My Favourite Books of 2014

What follows are some thoughts I’ve had about the books that I have most enjoyed in 2014. These are not all books that have been published this year, but I am hoping that if you’re reading this, then you might consider picking up one of two of the books that I have loved in the last year.

Cynan Jones – The Dig

I read this book earlier in the year and it stayed with me for a while. The prose is simple, crisp and sharp. It’s a short book, but it packs a brutal punch. Despite the comparisons with Cormac McCarthy, this is a distinctive novel, rooted in the claustrophobic British countryside and not the apocalyptic landscapes of the USA.

Jenny Offill – Dept. of Speculation

I absolutely loved this book. It reminded me of Renata Adler’s great 70’s book ‘Speedboat’, in that it sacrifices narrative for a more fractured approach. It’s full of astute observations, perfectly captured vignettes of modern life and its frustrations and enervations. It is also very funny. Every paragraph is a discrete delight, but the sum is even greater than the parts. It returned to me week after week to reveal something new.

Joshua Ferris – To Rise Again At A Decent Hour / Then We Came To The End

These two books are two of the funniest books I have read this year. The former was published this year and was shortlisted for the Booker Prize. Ali Smith should have won the Booker – she’s a genius and, like Nicola Barker, I can read pretty much anything she publishes, even the not-so-great stuff, because they’re so distinctively brilliant (see Nicola Barker’s In The Approaches, which wasn’t great by any stretch of the imagination, but still contained moments of pure Barker genius) – but this, despite also being brilliant, was never going to win because it’s properly funny and the Booker doesn’t seem to like properly funny (wry, yes; funny, *turns up nose*).

Then We Came To The End was Joshua Ferris’ first novel, which I read after finishing ‘To Rise Again…’ and it’s even better. In fact, it’s among the best books of the century so far, along with Darkmans, The Line of Beauty, The Corrections, Wolf Hall, The Road and a few more that I can’t think of right now. It’s almost entirely told in the first-person plural (with the exception of one astonishing and heart-breaking section about two-thirds of the way through). It could seem tricksy, but it works brilliantly to capture the anxious ennui of corporate office life. It’s hilarious, acerbic, despairing and has heart. It reminded me of Nicholson Baker’s wonderful ‘The Mezzanine’, but with the microscope that Baker uses inverted outwards.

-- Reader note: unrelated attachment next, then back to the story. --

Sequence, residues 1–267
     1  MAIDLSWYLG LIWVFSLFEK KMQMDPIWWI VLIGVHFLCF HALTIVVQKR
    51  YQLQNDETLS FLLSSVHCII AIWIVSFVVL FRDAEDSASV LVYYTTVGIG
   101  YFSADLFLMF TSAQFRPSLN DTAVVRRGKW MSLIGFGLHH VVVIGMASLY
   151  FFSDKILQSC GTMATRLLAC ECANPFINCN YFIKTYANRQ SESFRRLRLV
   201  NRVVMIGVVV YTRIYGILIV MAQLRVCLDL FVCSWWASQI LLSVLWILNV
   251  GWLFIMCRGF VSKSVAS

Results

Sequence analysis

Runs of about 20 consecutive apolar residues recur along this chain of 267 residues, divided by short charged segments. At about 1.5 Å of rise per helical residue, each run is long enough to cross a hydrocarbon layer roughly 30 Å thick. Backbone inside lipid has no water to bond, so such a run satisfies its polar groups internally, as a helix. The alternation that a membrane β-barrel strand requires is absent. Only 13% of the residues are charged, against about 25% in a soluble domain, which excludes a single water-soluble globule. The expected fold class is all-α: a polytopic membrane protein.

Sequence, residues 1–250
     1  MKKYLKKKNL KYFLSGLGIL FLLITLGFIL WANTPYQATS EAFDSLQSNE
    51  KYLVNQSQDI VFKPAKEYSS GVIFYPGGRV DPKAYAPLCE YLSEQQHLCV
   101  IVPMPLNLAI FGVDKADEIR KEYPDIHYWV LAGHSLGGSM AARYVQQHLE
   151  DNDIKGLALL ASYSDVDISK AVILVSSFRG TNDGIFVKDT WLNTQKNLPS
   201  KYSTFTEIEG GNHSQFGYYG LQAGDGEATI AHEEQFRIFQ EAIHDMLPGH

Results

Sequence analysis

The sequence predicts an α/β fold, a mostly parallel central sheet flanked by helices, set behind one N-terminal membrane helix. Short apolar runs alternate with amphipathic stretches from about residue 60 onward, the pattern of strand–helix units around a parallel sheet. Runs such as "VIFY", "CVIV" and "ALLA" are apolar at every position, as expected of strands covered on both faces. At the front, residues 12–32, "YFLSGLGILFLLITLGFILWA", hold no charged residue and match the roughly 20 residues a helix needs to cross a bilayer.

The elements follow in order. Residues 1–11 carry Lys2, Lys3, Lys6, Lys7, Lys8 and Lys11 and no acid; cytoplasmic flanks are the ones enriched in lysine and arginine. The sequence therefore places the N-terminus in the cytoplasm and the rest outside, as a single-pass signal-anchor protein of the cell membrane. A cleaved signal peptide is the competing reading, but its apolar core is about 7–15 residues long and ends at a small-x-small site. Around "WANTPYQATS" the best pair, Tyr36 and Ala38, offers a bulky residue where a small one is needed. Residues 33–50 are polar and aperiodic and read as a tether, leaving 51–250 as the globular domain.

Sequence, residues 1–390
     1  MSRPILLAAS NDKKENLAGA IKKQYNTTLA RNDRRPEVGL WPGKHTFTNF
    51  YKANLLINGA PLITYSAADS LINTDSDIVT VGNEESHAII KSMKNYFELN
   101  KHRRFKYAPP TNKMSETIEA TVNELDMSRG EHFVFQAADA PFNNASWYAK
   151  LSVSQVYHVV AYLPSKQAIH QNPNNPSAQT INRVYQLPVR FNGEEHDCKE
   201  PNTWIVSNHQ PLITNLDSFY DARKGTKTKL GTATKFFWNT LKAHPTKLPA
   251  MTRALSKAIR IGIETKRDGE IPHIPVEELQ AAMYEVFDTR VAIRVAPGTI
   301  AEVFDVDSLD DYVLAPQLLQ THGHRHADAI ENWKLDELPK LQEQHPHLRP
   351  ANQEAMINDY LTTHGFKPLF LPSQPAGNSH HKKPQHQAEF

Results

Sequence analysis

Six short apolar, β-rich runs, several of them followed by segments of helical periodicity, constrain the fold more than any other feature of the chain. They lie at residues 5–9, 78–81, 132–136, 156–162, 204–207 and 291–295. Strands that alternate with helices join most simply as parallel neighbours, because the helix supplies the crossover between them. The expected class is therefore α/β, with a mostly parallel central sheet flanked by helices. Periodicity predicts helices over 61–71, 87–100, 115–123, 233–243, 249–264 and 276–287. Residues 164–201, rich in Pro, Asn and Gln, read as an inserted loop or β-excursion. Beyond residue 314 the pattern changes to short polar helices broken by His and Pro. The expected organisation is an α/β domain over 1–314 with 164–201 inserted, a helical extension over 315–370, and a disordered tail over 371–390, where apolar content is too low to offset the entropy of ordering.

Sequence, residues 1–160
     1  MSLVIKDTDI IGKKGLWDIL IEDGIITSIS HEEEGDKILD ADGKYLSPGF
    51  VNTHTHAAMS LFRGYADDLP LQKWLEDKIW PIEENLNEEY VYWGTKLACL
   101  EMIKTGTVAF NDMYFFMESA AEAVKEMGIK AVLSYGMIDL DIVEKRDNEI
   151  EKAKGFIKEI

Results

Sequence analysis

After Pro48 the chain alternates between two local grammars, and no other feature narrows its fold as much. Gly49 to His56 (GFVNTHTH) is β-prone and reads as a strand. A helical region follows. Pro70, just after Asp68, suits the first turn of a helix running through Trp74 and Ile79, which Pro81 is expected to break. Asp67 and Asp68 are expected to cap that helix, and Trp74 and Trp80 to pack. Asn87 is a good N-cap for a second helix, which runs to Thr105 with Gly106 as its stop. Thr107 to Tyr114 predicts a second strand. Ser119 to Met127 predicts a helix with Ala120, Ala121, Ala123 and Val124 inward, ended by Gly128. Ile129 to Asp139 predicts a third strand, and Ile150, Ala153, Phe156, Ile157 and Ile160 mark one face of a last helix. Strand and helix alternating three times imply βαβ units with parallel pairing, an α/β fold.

I cannot recommend TWCTTE enough. It’s a work of genius.

Marcel Proust – The Way By Swann’s / In The Shadow of Young Girls In Flower

Madeleines, eh? Don’t get me started.

Marcel Proust (pictured above playing a tennis racquet as a guitar) is a name that generally conjures up a few things: small cakes, remembering things and people saying “oooooh, la dee daaa” in a silly voice, then accusing you of pretentiousness. The above picture, I think, shows off the thing that is rather un-Proustianly forgotten about Proust: he’s brilliant, funny, charming and an all-round delight. Sure, his sentences are sometimes so long that I occasionally can’t remember how they started and the sheer size of A La Recherché Du Temps Perdu is mind-boggling (following the advice of a very wise man, I have found it’s best to keep other books on the go to retain sanity), but these books are wonderful and far easier to read than you might think. I’ve found myself (inwardly) gasping at the lucidity of his descriptions of our inner lives and his writing about art, love, friendship and everything else in between. It’s gloriously rewarding and that’s why it’s a good thing to think about reading the ‘great’ books, the ‘great’ works of art. They are difficult, but ultimately they enrich you.

Word of warning though: I’m currently about 150 pages into the third volume and he’s still not eaten that bloody cake.

Andy Miller – The Year of Reading Dangerously: How Fifty Great Books Saved My Life

One of the reasons I decided to start reading A La Recherché Du Temps Perdu is because of The Year of Reading Dangerously – part memoir, part self-help, part literary criticism, all hilarious and all (whisper it) joyous.

Andy Miller is a former bookseller and editor. He is also a fine writer (his short book on the Kinks’ Village Green Preservation Society is excellent), however, it seems even the greatest lover of books can become jaded when the routine of commuting and childcare takes over a life. I don’t know much about these things, because I am a highly immature 31 year-old, who moved to London 2 1/2 years ago, but I’m pretty sure at some point I will have to deal with the adult world. It’s an awful grind though, isn’t it, this whole ‘living’ business?

The premise of the book is that Andy Miller, despite being a man of exemplary literary background, had let himself go. He had also lied about having read ‘great’ books. He has never finished Middlemarch, Anna Karenina, Pride & Prejudice, The Communist Manifesto and at least 46 other books.

We’ve all done it, haven’t we? A friend of mine recently text to say she was starting War & Peace and was tremendously excited to be able to talk to me about it. I loved Tolstoy. I had read Anna Karenina, The Kreutzer Sonata and The Death of Ivan Ilyich. I’d also read War & Peace, hadn’t I? I’d certainly sung its praises, using lofty phrases. My friend now knows I am a pillock, who has not read War & Peace. I’m pretty sure she doubts that I’ve read Anna Karenina as well. I promise I have and I genuinely thought it was incredible. A truly great book. If I loved Anna Karenina (I also adored The Death of Ivan Ilyich and The Kreutzer Sonata), I would love War & Peace. So, I basically loved it already and had therefore read it. Right? Hmm.